Cheers, Nick.
On Sun, 26 Sep 2010 22:07:50 +1000 Nick Coghlan ncoghlan@gmail.com wrote:
On Sun, Sep 26, 2010 at 9:05 PM, Mark Dickinson dickinsm-Re5JQEeQqe8AvxtiuMwx3w@public.gmane.org wrote:
A less invasive proposal would be just to introduce __sin__, etc. magic methods and have math.sin delegate to <type>.__sin__; i.e., have math.sin work in exactly the same way that math.floor and math.ceil currently work. That would be quite nice for e.g., the decimal module: you'd be able to write something like:
from math import sqrt root = (-b + sqrt(b*b - 4*a*c)) / (2*a)
to compute the root of a quadratic equation, and it would work regardless of whether a, b, c were Decimal instances or floats.
I'm not sure how I feel about the entailed magic method explosion, though.
Couple that with the extra function call overhead (since these wouldn't have real typeslots) and it still seems like a less than stellar idea.
As another use case for solid, efficient generic function support though... great idea :)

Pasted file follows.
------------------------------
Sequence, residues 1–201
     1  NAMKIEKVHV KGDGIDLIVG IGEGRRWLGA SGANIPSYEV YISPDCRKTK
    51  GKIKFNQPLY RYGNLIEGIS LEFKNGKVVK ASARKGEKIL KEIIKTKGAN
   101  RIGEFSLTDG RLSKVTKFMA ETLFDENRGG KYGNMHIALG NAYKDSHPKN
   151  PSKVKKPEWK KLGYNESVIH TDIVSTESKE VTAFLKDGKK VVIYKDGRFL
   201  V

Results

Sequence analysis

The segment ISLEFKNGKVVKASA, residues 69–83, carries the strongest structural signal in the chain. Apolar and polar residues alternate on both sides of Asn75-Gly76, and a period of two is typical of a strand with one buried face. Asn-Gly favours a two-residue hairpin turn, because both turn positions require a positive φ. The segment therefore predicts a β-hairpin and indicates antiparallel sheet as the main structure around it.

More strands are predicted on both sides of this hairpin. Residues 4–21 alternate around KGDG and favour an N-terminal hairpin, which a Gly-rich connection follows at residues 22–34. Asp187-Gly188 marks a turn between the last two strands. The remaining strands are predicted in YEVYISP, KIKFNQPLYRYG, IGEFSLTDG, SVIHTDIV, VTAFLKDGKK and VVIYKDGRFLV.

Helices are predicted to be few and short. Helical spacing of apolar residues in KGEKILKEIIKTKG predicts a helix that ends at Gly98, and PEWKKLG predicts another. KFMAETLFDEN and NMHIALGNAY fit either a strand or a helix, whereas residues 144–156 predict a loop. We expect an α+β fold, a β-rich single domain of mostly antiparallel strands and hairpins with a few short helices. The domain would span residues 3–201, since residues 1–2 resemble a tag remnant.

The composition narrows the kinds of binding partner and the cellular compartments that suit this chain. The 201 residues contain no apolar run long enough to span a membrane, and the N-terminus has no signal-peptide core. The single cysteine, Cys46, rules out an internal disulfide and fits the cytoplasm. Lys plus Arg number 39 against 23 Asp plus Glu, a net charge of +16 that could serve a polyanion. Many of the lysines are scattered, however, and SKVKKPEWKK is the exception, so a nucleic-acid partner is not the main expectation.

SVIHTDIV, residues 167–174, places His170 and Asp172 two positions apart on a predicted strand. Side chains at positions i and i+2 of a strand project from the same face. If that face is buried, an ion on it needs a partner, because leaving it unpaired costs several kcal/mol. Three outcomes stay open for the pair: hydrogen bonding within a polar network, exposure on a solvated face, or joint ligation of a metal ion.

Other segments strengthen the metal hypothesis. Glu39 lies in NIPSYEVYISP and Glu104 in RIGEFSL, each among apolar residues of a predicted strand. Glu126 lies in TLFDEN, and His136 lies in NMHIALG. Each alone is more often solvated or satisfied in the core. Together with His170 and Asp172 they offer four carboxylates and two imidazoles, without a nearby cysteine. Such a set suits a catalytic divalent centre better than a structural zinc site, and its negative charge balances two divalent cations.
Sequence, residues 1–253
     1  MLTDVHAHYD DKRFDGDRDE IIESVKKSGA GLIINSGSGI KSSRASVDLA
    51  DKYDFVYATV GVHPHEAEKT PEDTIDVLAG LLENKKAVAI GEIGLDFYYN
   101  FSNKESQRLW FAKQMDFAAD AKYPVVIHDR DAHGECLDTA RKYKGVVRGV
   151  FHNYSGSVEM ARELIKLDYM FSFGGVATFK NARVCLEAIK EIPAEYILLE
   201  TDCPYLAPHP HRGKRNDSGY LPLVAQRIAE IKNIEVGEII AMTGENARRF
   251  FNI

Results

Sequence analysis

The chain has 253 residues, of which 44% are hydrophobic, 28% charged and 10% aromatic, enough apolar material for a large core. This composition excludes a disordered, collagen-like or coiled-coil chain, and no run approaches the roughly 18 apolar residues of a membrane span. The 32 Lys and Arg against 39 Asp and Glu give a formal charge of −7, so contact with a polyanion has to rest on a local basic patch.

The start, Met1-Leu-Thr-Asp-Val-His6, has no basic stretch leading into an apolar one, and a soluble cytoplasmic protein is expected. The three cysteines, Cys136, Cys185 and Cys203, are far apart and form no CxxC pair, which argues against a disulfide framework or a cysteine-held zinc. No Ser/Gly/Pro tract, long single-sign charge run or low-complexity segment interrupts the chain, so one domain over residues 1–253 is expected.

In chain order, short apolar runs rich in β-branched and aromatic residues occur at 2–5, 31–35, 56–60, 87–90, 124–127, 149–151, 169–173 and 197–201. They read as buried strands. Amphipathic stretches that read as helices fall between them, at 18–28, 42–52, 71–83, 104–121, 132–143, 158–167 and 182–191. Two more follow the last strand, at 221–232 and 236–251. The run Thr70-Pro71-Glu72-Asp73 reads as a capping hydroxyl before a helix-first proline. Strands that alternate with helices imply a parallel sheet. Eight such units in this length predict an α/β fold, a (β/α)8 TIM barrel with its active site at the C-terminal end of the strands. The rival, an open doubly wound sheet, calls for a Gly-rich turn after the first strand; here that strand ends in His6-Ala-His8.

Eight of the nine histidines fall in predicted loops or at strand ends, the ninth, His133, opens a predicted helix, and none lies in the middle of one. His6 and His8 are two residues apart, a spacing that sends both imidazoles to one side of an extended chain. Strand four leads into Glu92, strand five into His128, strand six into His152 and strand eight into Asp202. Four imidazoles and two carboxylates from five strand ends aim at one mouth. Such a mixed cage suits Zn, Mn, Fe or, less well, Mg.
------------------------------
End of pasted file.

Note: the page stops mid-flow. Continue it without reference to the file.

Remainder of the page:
At the cost of even more execution overhead? :)
Regards
Antoine.
On Sun, Sep 26, 2010 at 10:25 PM, Antoine Pitrou solipsis@pitrou.net wrote:
Couple that with the extra function call overhead (since these wouldn't have real typeslots) and it still seems like a less than stellar idea.
As another use case for solid, efficient generic function support though... great idea :)
At the cost of even more execution overhead? :)
I did put that "efficient" in there for a reason! Now, I'm not saying anything about how *reasonable* that idea is, but I can dream ;)
Cheers, Nick.
On Sun, 26 Sep 2010 22:34:06 +1000 Nick Coghlan ncoghlan@gmail.com wrote:
On Sun, Sep 26, 2010 at 10:25 PM, Antoine Pitrou solipsis@pitrou.net wrote:
Couple that with the extra function call overhead (since these wouldn't have real typeslots) and it still seems like a less than stellar idea.
As another use case for solid, efficient generic function support though... great idea :)
At the cost of even more execution overhead? :)
I did put that "efficient" in there for a reason! Now, I'm not saying anything about how *reasonable* that idea is, but I can dream ;)
Well, I can't see how it could be less than the overhead involved in a sqrt(x) -> x.__sqrt__() indirection anyway.
When I read Mark's example, I wondered why he didn't simply write x**0.5 instead of sqrt(x), but it turns out it doesn't work on decimals.
cheers
Antoine.
On 2010-09-26, at 14:07 , Nick Coghlan wrote:
On Sun, Sep 26, 2010 at 9:05 PM, Mark Dickinson dickinsm@gmail.com wrote: